As a chemist with many years experience in shipping, storing and bulk distribution of industrial chemicals I would disagree with a lot of the content in the article. Firstly, I don’t understand why anyone would call Hydrogen renewable.That it is not! Hydrogen is an element in the periodic table, a major chemical component of the matter that makes up our universe. Hydrogen atoms form part of most organic materials, including live creatures (like humans) and fossil fuels. It does not renew, or grow on plants or other organisms. There is a finite quantity of Hydrogen in the Universe, albeit so large you could call it infinite from a human point of view. Man cannot add to this quantity, all we can do by chemical or physical processes is to separate Hydrogen as a gas from molecules where it is already forming part of other substances, like natural gas or water. Mostly it is obtained from fossil fuels, making it a fossil fuel derivative. Hydrolysis from water is not favored because it uses more power (electricity) than the resultant Hydrogen can produce when burned or transformed into electricity in a fuel cell. So it is clear that although there are no emissions coming from the tail pipe of a HFCV it is in fact wasting energy and or or creating other forms of pollution elsewhere, the same as an EV using electricity generated by coal or gas. Even when solar or wind power is used, most scientists fail to mention the environmental impact from building solar panels and wind turbines, which is very significant. Sadly, as Al Gore would like to say, this environmental damage becomes “An Inconvenient Truth” the advocates of wind and solar power prefer not to mention, focusing exclusively on the post implementation benefits and ignoring the costs, both environmental and financial, to set up wind and solar farms.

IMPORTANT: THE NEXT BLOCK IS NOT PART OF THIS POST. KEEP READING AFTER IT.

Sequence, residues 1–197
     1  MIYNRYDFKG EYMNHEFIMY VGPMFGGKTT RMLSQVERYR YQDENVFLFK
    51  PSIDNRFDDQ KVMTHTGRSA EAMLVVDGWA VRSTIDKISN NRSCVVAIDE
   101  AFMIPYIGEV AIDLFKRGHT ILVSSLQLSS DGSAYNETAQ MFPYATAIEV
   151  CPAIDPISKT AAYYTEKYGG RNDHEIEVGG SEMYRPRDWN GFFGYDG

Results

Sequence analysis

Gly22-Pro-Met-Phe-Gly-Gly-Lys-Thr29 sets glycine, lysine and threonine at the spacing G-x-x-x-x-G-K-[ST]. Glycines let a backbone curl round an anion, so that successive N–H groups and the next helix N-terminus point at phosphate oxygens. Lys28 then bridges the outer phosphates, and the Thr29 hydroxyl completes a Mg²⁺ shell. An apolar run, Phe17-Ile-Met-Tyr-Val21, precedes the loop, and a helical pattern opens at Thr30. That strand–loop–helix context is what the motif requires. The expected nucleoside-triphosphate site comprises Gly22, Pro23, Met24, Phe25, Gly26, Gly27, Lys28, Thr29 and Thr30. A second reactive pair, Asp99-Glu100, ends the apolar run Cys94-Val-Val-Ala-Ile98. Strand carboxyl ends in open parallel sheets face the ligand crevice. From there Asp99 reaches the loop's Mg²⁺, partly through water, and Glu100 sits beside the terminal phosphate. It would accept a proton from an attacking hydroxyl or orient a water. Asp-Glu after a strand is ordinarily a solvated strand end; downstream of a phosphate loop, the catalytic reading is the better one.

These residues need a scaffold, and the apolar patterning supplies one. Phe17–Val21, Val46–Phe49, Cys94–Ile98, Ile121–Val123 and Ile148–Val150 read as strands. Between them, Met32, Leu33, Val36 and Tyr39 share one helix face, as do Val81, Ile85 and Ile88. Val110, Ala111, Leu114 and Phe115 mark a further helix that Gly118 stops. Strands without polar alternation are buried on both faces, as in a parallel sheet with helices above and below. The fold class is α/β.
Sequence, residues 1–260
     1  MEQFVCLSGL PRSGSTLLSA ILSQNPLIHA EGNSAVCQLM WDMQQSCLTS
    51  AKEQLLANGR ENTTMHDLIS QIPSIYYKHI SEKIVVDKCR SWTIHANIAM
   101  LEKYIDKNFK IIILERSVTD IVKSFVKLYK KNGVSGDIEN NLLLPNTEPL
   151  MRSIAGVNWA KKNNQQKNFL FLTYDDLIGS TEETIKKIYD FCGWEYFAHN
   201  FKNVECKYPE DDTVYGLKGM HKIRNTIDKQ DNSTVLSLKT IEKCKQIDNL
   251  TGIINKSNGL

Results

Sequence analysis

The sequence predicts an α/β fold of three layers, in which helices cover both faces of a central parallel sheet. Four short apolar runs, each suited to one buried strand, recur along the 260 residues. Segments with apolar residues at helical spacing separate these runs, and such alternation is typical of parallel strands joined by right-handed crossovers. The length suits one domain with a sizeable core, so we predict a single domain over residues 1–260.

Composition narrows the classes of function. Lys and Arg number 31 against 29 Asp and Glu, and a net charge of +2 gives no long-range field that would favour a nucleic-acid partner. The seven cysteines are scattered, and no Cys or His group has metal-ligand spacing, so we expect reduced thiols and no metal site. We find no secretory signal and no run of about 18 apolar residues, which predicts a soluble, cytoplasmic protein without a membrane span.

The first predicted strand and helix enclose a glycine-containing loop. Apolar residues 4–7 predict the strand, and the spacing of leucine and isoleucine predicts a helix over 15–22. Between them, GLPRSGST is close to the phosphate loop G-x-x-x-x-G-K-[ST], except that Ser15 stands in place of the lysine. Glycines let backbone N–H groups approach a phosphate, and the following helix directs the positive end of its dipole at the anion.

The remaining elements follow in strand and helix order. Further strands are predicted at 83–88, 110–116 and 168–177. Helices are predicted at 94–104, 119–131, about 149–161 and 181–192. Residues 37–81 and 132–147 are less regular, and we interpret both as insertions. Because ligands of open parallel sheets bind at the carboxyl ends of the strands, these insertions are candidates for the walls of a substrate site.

Having established that Hydrogen is neither renewable or environmentally so friendly, let’s look at the practical aspect of using it to power HFCV.